Outi in her work


Greetings from Cairo part II
Published in Ishtar 2/2006

Dancing in Cairo

I know that all of you would like to know, what it's like to dance here in Cairo. In a word: different! Everything is different, performing as well as the dancing itself, and the audience too. Some of the differences are very abstract and hard to describe, they can be felt rather than named. On the whole a dance performance consists of various different levels, which intertwine and are difficult to separate from one another.

The most visible and obvious component is the dancer herself. Her persona, movement vocabulary and skill create a unique frame for the interpretation of music. This of course is nothing new and applies for the rest of the world aswell.

The first major difference from dancing Finland and plenty of other countries is the live band. Dancing with your own musicians is wonderful. It adds so much to the energy to have other artists onstage besides the dancer. Even though the dancer is the Star and the musicians are there to support the dancer, creating something together is very inspring! When you work with the same people for weeks and months, you learn each others' habits and can predict the coming patterns - the orchestra of the dancer and vice versa.

The connection between the tabla player and the dancer is especailly crucial. I have now worked with three different tabla players. They are all a bit different. They pick up slightly different things from my dancing and at the same time give me new ways to listen to the same music. Sometimes an idea comes to my mind of a new combination and the drummer plays the exact same accents at the right time. Moments like that are incredible. Telepathy works, even without a common language - my Arabic is still very limited.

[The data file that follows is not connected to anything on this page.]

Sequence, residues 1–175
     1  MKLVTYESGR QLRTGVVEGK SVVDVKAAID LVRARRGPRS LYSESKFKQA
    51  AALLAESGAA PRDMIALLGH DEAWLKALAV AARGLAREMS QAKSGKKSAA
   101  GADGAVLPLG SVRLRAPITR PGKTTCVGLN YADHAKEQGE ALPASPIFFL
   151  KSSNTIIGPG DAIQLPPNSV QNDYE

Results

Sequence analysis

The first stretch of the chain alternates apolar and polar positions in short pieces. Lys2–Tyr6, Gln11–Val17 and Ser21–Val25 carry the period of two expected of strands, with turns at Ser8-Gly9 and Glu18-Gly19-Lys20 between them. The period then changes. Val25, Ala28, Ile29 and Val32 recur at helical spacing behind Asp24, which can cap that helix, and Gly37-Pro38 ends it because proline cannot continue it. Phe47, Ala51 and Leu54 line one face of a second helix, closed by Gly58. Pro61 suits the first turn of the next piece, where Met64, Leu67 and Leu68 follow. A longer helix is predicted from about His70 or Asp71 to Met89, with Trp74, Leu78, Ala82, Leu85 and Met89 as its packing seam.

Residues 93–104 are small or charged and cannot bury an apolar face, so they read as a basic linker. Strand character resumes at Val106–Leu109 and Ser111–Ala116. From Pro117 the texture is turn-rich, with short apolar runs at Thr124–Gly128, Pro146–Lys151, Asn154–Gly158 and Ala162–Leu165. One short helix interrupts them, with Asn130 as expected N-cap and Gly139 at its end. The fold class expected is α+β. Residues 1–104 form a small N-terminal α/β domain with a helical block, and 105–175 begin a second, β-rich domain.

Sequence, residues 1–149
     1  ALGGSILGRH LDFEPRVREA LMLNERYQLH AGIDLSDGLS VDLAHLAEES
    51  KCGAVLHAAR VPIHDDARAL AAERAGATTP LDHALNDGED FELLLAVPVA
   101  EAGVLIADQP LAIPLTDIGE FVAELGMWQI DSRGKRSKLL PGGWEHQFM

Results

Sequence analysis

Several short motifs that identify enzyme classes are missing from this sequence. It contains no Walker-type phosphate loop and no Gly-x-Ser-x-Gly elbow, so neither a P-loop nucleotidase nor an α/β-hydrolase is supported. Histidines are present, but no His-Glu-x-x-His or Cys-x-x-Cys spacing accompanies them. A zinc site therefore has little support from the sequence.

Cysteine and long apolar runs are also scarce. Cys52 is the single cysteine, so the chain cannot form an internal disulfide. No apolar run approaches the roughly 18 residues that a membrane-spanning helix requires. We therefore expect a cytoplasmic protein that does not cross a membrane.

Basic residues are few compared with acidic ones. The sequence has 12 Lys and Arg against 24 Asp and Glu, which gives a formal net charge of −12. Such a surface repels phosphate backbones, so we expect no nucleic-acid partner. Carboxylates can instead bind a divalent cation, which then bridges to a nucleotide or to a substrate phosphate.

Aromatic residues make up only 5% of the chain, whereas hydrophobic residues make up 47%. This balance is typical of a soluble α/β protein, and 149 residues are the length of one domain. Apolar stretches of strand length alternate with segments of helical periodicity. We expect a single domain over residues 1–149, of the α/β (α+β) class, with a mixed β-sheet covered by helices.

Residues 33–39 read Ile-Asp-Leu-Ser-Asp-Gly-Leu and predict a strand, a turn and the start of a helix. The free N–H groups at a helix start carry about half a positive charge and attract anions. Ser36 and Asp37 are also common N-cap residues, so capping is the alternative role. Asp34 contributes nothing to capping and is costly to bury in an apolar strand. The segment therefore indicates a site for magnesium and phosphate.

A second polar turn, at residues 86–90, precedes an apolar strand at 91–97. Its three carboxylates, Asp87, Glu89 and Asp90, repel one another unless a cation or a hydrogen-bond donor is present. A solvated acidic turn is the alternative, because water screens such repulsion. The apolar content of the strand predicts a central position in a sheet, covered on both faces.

All of this can somehow be understood without much experience, but the biggest and the most surprising difference is the audience. This is not easy to put into words. There are so many nuances to the audience, that understanding it takes close examination. Roughly put there are three kinds of audiences: Arabs - both locals and tourists, othe tourists, and dancers. There are tourist lunch cruises, where the food and the Nile shore are much more fascinating than me or the great artistic endeavour I'm presenting. One time the upstairs of the Golden boat was completely full. It fits about a hundred people. This time nobody - not a single one - tourist as much as glanced at me during the entire ten minutes. I had to hold back from laughing. On the other hand a part of tourists get really excited. Some want to join me to dance, and one time and older lady rushed to the stage in her jingling hipscarf.

Mostly my work is at night and these trips are completely different. The later the show, the more the audience consists of locals and the better the atmosphere. I love to watch how the Arab audience responds and enjoys the music as well as the dance. I feel privileged being able to peek into their experience. In this puzzle I am the odd piece, a westerner, this dance and form of entertainment is a part of their culture and lives. I find it really rewarding when they like the way I interpret their music. Many come to chat with me in Arabic and of course I don't understand a thing. Fortunately a suitable interpreter is never too far. Some of the guests are very shocked to see that I'm from Finland. And I don't even know the language!

The dance tourists are somewhere in between the other two types of audiences. A part of them is very critically watching the technique and others just feel the music like the Arabs. They generally have more knowledge than the average tourists, but their cultural background is totally different from that of the locals.

All these factors combined create unique situations. Teamwork with the band and contact to the audience result to the perfect circumstances for improvisation, which is absolutely vital. I can now understand how the local dancers cannot put together choreographies or keep changing them time and again to the misfortune of their western students. Living the music and interpreting it simply change at different times and under different circumstances.




Photo by Päivi Arvonen

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